Born on Lammerkraal in 1897, Fransie was educated locally and then went to Cape Town to study at the Sullivan College of Music. She returned to the district to marry Giddy Pienaar and when her father died she and Giddy took over Lammerkraal. Fransie was a magpie and she started collecting antiques and odds and ends to the extent that when she and Giddy retired to Prince Albert in 1956 an entire room of their home was dedicated to her collection.
Being in town gave Fransie more opportunities to acquire "little things" and soon she needed more room! The Dutch Reformed Church lent her a hall in Devenish Street - which gave her more scope, but by 1972 she couldn't get another thing into the hall. By now one of Fransie's sons-in-law, Frikkie Allers was the mayor and he persuaded the local council to lend Fransie a house in Kerkstraat to house the collection. On the day of the official opening she gave everything to the people of Prince Albert.
Since then the collection has grown and has moved to its present premises in the Haak family home which served the village as a hospital for some years.
Fransie was the unofficial curator for some years and enjoyed nothing more than showing visitors round the building. She would provide musical entertainment on the harmonium (bought in memory of her brother - who had died on the day Fransie was born) or on her mouth organ. She died at the grand old age of 87 and is gratefully remembered by one and all.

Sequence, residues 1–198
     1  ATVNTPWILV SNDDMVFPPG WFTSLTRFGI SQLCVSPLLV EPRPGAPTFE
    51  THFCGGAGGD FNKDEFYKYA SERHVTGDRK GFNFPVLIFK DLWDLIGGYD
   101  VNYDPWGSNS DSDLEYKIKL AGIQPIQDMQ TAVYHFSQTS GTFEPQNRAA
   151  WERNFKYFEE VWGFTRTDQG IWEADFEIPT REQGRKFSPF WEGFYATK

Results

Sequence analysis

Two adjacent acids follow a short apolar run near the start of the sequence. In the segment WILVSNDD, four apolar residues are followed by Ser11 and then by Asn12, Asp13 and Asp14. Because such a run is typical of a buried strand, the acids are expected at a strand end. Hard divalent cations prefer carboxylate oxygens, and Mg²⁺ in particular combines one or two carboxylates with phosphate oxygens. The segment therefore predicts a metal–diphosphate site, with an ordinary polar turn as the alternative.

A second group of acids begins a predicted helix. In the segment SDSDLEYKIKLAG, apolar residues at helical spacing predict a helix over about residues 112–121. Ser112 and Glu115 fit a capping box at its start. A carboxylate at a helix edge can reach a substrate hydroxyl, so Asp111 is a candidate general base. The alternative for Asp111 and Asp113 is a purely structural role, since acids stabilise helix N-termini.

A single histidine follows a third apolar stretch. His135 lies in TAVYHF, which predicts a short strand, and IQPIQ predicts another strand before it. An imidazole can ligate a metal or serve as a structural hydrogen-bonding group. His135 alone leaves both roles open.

Monday - Friday: 09:30 - 12:30 and 14:00 - 16:30
Saturday 09.30 - 12.00
Sunday 10.30 - 11.30
Public Holidays: Closed
Telephone: 023 541 1172
Fax: 023 541 1172
E-mail: [email protected]
42 Church Street, Prince Albert, 6930
Article from: www.thegreatkaroo.com
Karoo Donkey Sanctuary
The Karoo Donkey Sanctuary is a registered Animal Welfare NPO and is located on a private farm, two kilometers outside the picturesque village of Prince Albert, at the base of the majestic Swartberg Mountains and at the gateway to the Great Karoo region of South Africa.
Following the historic rescue of 236 donkeys and 30 horses, all destined for slaughter at the infamous Hartswater auction that took place in January 2017, by virtue of their numbers, they are recognized as being the largest donkey rescue centre and sanctuary in Africa.
With the current global donkey population estimated at 44 million and with an estimated 10 million donkeys being slaughtered per year to supply the Chinese demand for their skins, this rush has created a global donkey holocaust as the insatiable market demand for skins is driving a grizzly industry right on our very doorstep.
Following the mega herd rescue, their mission is to rehabilitate and rehome the majority of our rescues to loving, forever retirement homes while they champion the cause in raising awareness as to the unsustainable, inhumane and barbaric trade in donkey skins.
Prior to their mega herd rescue at Hartswater, the majority of their original rescues have come across to them from dire circumstances of being over-worked, abused and malnourished as former beasts of burden in the cart-horse industry.
There is no entry charge, however, donations are welcome. There are other animals as well, such as horses, pigs, goats and ostriches, geese, cats and cows.
Mission: There mission is to relieve the suffering of overworked and abused Western Cape and Karoo cart-horse donkeys by providing them with a forever home
Company Overview: Registered Non Profit Organization
Department of Social Welfare. | 171-525 NPO
Call them on: 082 900 6103
Address: 1 Christina De Witt Street, Prince Albert, South Africa
Information from: www.karoodonkeysanctuary.org.za